Articles Tagged with DUI lawyer in Los Angeles

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If you’ve ever been pulled over by a cop on suspicion of DUI, chances are you have been asked to submit to a breathalyzer test. This small device presumably (magically?) somehow measures the alcohol content in your blood by analyzing your breath, and whatever it reveals may influence the officer’s decision whether or not to arrest you.breathalyzer-test-los-angeles-300x168

But what, exactly, is the breathalyzer measuring? Is the reading accurate? What are your rights if an officer asks you to blow into a breathalyzer? Are these devices a truly effective deterrent against DUI? Let’s take a closer look at this technology—how it works, how it is used in real-life contexts with police, and what the future may hold as the technology develops.

How Alcohol Is Detected through Your Breath

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Can the DMV penalize someone for a DUI in Los Angeles based upon a police officer’s observation of their behavior? Can you lose your license even if your blood alcohol content is borderline for a DUI charge?Ashley-Coffey-DUI-los-angeles

A ruling earlier this year by the California State Supreme Court in the case of Ashley Coffey vs. Shiomoto permits the use of circumstantial evidence to support the finding of DUI when the DMV is ruling on a license suspension.

The case involved Ashley Jourdan Coffey’s appeal of her loss of license after a DUI conviction. Police officers stopped her after observing her weaving in and out of traffic lanes around 1:30 a.m. in the morning of November 13, 2011. Coffey claimed that she had been in a bar celebrating her birthday—but not drinking. The officers who spoke with her observed several behaviors that suggested otherwise. Her breath smelled like alcohol, her eyes were red and watery and she failed several roadside sobriety tests.

Police gave Coffey a breathalyzer test about an hour after pulling her over. It measured .08—just at the legal limit. A test three minutes later showed a BAC of 0.09.

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How much is too much when it comes to punishing drivers caught driving under the influence? People who have lost family members or suffered serious injuries in a Los Angeles DUI would probably argue that the current laws don’t do enough to discourage driving under the influence. But people who have lost their licenses or their jobs because of a DUI offense would probably say they were punished too severely.alcohol-ban-for-DUI-drivers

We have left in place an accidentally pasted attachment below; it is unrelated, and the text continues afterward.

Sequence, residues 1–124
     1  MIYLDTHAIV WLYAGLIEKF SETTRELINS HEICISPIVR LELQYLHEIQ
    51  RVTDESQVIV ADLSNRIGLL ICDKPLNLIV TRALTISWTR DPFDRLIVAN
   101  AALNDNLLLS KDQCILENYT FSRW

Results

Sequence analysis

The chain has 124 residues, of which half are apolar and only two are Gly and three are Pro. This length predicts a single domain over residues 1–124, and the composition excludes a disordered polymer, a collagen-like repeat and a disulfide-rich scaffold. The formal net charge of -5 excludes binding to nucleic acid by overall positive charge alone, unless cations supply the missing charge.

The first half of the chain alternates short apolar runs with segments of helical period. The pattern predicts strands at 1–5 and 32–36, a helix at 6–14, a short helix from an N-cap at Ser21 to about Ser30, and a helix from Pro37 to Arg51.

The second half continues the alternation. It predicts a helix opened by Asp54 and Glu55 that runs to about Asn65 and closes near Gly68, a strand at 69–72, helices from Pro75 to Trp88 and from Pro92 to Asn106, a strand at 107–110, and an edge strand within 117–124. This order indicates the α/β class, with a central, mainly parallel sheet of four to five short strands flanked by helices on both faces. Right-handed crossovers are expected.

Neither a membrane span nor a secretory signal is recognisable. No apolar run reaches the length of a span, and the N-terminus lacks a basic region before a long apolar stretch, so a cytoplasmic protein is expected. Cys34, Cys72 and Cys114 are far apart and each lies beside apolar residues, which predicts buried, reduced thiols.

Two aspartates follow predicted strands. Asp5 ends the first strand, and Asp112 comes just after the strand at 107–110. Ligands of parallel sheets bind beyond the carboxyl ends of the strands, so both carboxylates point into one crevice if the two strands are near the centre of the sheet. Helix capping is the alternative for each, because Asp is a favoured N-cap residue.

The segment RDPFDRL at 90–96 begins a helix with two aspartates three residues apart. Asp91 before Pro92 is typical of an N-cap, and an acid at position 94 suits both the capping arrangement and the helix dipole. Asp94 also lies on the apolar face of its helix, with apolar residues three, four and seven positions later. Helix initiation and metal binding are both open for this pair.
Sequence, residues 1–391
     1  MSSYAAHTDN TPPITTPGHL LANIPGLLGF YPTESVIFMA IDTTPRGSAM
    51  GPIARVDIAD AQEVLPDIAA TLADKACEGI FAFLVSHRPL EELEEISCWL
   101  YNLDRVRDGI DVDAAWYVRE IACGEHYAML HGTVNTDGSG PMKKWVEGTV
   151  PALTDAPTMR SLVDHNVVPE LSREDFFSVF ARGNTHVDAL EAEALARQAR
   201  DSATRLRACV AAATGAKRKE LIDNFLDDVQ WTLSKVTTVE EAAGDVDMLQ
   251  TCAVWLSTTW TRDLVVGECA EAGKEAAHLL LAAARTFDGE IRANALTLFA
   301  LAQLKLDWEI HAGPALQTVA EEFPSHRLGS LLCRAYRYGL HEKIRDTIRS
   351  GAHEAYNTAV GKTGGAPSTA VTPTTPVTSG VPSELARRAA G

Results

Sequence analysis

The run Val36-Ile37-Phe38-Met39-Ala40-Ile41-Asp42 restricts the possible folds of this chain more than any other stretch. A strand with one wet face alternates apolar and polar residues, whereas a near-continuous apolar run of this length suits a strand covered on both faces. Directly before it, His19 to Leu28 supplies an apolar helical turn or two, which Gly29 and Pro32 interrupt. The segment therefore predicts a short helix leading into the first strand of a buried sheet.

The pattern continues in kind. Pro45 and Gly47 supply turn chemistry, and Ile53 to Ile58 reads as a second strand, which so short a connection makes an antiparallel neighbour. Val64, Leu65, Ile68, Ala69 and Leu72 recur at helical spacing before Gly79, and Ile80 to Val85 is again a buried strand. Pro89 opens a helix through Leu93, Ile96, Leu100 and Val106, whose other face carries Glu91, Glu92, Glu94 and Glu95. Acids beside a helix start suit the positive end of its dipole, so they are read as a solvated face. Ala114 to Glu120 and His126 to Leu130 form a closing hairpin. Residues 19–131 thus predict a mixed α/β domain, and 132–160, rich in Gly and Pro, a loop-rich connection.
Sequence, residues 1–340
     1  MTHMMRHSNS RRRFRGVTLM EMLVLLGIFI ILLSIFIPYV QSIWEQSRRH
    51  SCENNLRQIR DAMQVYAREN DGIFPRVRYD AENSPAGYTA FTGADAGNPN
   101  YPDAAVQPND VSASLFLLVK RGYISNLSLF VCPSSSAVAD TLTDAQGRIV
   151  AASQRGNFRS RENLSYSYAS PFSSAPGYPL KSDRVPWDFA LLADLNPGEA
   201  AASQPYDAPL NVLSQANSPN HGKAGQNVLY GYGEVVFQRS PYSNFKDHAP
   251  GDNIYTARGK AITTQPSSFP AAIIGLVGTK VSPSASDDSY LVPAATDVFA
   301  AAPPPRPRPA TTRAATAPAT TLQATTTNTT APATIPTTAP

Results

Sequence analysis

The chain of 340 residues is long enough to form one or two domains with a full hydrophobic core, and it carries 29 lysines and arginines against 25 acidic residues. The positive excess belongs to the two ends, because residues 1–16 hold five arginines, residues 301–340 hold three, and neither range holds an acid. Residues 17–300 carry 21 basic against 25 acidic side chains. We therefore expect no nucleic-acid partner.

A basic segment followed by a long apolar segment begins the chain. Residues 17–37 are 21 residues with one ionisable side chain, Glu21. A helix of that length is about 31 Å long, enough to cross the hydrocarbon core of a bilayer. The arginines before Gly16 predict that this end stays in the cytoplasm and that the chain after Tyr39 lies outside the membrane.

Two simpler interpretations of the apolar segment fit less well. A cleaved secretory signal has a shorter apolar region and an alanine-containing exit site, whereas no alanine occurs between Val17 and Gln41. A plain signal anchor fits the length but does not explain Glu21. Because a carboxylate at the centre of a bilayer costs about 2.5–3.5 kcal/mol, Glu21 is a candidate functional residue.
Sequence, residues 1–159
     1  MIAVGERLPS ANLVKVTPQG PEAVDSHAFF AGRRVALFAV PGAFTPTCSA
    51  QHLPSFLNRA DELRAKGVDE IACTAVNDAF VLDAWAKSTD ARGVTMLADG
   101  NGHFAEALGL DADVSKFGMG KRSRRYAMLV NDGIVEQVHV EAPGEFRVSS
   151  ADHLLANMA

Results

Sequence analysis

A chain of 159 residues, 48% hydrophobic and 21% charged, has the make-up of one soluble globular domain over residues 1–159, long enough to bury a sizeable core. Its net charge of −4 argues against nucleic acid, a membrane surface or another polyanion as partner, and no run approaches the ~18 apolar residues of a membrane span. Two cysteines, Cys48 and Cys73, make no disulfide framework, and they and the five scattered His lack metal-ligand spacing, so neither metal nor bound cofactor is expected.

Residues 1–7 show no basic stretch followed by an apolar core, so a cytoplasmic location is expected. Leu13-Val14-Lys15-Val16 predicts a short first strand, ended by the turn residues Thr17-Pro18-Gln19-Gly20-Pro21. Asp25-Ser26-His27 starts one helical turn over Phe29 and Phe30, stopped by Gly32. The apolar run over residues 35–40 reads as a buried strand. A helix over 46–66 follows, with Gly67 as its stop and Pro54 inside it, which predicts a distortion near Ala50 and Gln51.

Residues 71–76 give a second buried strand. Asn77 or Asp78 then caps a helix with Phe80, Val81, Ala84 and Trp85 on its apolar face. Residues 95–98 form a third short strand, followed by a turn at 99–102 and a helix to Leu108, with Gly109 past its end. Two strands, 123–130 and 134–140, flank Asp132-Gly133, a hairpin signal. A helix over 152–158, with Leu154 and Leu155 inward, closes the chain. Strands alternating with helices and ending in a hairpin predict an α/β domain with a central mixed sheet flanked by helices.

A lawmaker in Oklahoma wants to add another penalty for anyone convicted of the offense in his state. He’s introducing a bill that allows a judge to ban DUI drivers from buying or consuming alcohol for a set period of time.

According to the Washington Times, State Senator Patrick Anderson wants convicted DUI drivers to carry a special identification card that would alert alcohol sellers like bartenders and liquor store clerks to the restriction. Any seller that didn’t comply could face fines up to $1,000 and up to a year in prison.

Anderson said he modeled his bill on Alaska’s current law, which permits judges to restrict convicted DUI drivers from alcohol purchases. These drivers must carry a license marked with a “J” and carrying the words “Alcohol Restricted.”

In New Mexico, State Rep. Brian Egolf has introduced a similar bill for the second time. It would ban the sale of alcohol to anyone required to use an ignition interlock system after a DUI conviction.

Meanwhile, in Tennessee, the state Senate defeated a proposed bill to ban alcohol sales to people who have had more than three or four DUI convictions.

How should you respond to your recent and disarming charges? Call a qualified Los Angeles DUI defense lawyer (and ex-prosecutor) with nearly two decades of relevant legal experience.

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